“What is your idea of perfect happiness?” A wiry game show host sits on a couch in a staged living room. He holds his microphone out, hoping to record everything.
The tv remote blinks. Flashes of green scan the room for any chance of reception. He wants control. He wants excitement. He never wants to feel that shrug of indifference that comes with the heavy sigh of boredom. But how can he say his idea of happiness is to be able to change scenes at the click of a button? Where is his loyalty?
He remembers the night he was so enamoured with Paris Hilton. Her long, delicate legs had stepped out of the limo, one at a time, so gracefully. Her skirt glimmered from the bright lights of the paparazzi. She was so glamorous. How could he not watch her every night for weeks as she graced his presence on the tv? She was perfect.
And then there was that one day. He took one quick look at her long blond hair and knew that it was over. Maybe it was the way she smiled – so quiet and distant. Or maybe it was that he knew every move she would make ahead of time. Whatever it was, he didn’t feel the same way about her as he once did. Her face looked old and in that familiar way, he felt the pull to change. He needed something new. Something exciting. He changed the channel.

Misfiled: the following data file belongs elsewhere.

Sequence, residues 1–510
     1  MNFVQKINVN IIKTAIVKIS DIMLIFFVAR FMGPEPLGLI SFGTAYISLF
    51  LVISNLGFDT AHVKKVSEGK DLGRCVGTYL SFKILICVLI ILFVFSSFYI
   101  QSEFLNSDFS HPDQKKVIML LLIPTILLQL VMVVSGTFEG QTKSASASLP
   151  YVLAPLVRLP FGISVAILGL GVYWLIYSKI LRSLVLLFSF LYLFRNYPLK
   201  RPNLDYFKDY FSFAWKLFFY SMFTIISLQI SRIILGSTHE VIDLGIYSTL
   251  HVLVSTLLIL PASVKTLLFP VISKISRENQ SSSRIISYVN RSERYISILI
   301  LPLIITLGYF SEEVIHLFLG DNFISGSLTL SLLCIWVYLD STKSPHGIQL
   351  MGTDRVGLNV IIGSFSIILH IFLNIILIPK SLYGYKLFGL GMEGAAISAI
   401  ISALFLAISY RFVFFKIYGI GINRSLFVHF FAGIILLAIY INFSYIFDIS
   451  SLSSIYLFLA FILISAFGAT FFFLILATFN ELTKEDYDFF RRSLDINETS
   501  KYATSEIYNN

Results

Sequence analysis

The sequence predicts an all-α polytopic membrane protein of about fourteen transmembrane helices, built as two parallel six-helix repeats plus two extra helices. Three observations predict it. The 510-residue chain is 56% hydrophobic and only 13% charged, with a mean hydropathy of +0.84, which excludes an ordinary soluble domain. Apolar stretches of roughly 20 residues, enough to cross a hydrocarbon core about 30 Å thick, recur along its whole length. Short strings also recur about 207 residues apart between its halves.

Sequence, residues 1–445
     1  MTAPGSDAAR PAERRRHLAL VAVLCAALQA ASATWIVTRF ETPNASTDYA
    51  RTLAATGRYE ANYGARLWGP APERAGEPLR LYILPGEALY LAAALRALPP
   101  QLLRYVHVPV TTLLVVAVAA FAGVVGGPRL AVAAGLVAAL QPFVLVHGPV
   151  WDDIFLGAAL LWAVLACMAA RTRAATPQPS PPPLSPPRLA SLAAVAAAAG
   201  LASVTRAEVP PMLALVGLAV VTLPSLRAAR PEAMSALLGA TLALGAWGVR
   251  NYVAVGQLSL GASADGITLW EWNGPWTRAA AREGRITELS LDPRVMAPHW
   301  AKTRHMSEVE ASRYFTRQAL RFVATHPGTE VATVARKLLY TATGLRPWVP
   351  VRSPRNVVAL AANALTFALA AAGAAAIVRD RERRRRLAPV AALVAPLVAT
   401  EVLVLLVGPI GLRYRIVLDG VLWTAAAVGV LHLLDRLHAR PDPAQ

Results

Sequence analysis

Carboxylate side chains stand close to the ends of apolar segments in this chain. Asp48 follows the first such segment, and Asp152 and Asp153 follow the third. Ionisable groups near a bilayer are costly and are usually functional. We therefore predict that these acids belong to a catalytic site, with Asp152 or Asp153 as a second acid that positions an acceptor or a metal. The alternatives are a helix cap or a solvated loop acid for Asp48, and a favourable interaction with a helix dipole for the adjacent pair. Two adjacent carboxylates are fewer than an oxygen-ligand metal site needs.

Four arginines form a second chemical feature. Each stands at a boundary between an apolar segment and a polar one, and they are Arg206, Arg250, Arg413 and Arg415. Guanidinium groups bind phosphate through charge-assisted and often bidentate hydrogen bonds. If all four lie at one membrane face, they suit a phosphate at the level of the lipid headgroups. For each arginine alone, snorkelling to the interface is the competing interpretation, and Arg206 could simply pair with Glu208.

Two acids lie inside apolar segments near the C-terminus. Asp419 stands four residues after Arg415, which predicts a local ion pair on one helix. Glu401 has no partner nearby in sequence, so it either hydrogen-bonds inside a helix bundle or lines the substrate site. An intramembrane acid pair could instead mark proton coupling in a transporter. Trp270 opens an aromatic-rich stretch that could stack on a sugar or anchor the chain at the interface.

The tv remote stared straight into the announcers eyes and said, without blinking, “the ability to change.”
When we first met it was like love at first sight. I still remember our late nights out on the town. Back when all we did was go out and dance and have fun everything seemed so innocent. But it couldn’t stay that way. I remember the first night you came over. We were on the porch together, gazing at the stars and pondering the thoughts of the universe. You were so cool – not trying to impress anyone, you let your faults be known. I was okay with it. It’s not like we were exclusive.
But then there was that one day after statistics class. I was frustrated, tired, annoyed with life and you were there. Waiting for me. I told you I couldn’t see you right now, I had to have time to cool off. I had to have my space for a minute. You persisted. You kept telling me you needed me and it was in that moment that I gave in.
It was like you were addicted to the weaknesses in my life. The moments where I felt anxious, upset, depressed or just lonely. You were always around when I needed you, you lived off those times.
You grew demanding. You wanted more money. You wanted more time. You wanted something that I could barely give, but did anyway. When I tried to leave you, you kept coming back. I would see you everywhere. In the neon lit convenient store down the block. In bars we used to go to. Even my porch seemed haunted by you.
I know we’re in an unhealthy relationship. I know I suck when I’m around you. But I just want to say, for all the times I said I hate you, I’ll never fully mean it. There’s always a part of me that lights up.